Thursday, August 5, 2010

B12 Lovin'

"Where do you get your B12?"

The more nutritionally-conscious raw diet skeptics have cleverly replaced the age-old "where do you get your protein?" question with this one. However, as always, I come prepared! While we only need a very small amount of B12 every day, it's vital that we get it so I welcome the question.

B12 helps your body convert carbs, fats, and proteins into energy. It helps maintain red and white blood cell health. Finally, it helps form necessary protection around your very important brain nerve cells.

Deficiency usually expresses itself in the form of anemia, fatigue, weakness, constipation, inexplicable weight loss, and more dramatic neurological changes like tingling of the extremities, maintaining balance, depression, confusion, dementia, and memory loss. The thing about a B12 deficiency is that for some, it hits them suddenly, but for others it could take up to a period of as long as 20+ years to express (but then the consequences are pretty drastic).


Given that fact, and pardon the image, but I'm quite content to say that I don't need carcass parasites to get my daily dose of B12. Because B12 is produced by healthy bacteria and fermentation, a (raw) vegan on a nutrition-conscious diet can easily get their necessary dose of the elusive vitamin when they explore their options.

Vegan Sources of B12 include:


all sea vegetables (especially spirulina and nori)
nutritional yeast
kimchi
sauerkraut
miso
tempeh
rejuvelac*
fermented nut cheese**
tamari
tofu
kombucha
(and bee pollen, for non-vegans)

* for a rejuvelac how-to, check out Miss Mer's revolutionizing tutorial
**guess what? There's a video for that too!

That's quite the list, isn't it? And guess what? Most of those sources are either raw or living foods, so they're good in my books! To celebrate my love for B12, here's what I had today that was jam-packed with bacteria goodness:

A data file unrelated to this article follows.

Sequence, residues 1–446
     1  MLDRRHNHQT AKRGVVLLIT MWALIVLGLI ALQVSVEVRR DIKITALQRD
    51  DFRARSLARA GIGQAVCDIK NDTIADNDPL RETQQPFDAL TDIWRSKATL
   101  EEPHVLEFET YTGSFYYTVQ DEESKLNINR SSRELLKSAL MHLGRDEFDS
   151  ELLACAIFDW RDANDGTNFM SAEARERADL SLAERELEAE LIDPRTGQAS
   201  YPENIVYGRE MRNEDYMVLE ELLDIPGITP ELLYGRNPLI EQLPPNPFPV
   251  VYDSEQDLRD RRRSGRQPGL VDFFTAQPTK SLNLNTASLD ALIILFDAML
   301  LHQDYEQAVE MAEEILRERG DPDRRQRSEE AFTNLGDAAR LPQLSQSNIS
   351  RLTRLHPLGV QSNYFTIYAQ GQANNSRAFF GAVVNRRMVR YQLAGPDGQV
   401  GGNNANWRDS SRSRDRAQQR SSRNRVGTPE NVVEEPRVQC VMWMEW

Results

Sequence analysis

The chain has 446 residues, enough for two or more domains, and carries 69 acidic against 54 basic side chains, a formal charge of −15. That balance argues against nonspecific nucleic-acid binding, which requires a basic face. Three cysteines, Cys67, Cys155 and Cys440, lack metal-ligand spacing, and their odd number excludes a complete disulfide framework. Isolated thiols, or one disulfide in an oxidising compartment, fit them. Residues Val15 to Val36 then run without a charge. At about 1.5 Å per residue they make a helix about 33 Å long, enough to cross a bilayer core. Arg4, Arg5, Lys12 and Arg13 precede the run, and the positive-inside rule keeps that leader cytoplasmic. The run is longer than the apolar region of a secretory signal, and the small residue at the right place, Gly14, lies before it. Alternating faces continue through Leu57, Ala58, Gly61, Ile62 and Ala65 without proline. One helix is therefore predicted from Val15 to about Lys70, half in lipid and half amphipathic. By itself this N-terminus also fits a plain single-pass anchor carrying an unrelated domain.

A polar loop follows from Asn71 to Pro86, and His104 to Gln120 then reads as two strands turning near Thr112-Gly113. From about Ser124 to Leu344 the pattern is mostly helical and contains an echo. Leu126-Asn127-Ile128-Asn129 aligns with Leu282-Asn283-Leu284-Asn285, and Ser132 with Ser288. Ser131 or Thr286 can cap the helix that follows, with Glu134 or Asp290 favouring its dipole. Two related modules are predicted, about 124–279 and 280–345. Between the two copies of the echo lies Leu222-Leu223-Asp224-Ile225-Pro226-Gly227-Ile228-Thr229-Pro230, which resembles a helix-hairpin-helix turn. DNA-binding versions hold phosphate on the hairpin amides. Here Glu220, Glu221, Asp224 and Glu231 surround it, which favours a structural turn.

1) Pre-breakfast: A glass of home-made Kombucha (oh yeah...)

2) Lunch: Sauerkraut and Kimchi from the amazing Green Door Restaurant

3) Snack: I snagged a tasted of the raw pizza I made this morning with rejuvelac, probiotic, AND nutrtional yeast nut cheese before Andrew nom-nomed the whole thing. It was awesome. This pizza had the usual pineapple, broccoli, and black olive toppings, but one half had crumbles of my leftover falafels, while the other half had crumbled sundried tomato-chipotle marinated tempeh (also a clever re-working of last night's leftovers). It really tasted like Italian sausage, and was AAAmazing.

So yes, I get my B12. And no, I don't take supplements. In fact, I don't need them. Of course if you want to be extra sure, I'm sure Vitamin Code and Vega (among others) will supply you with ample amounts of B12 to keep you going. In the meantime, keep fermenting stuff!

3 comments:

  1. When I first changed my diet I got worried about b-12 but as I did more research and better understood it I stopped letting "bad information' infect me. But honestly it's so hard to know who to believe when you can have two very reputable sources telling you very different things.

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  2. I do think it is a very good thing to be conscious of your nutrient intake when you make a pretty drastic change to your diet! But obviously, I also think that there is so much myth or as you said "bad information" out there, that it does get complicate pretty fast. It does make me question the whole concept of "sound science" when you do get two sources giving completely different results though. It makes me know that I should focus on what I am personally doing, and try not to let the rest bother me too much :) In health,
    Chantal

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  3. You are sooo awesome! Thank you for sharing <3

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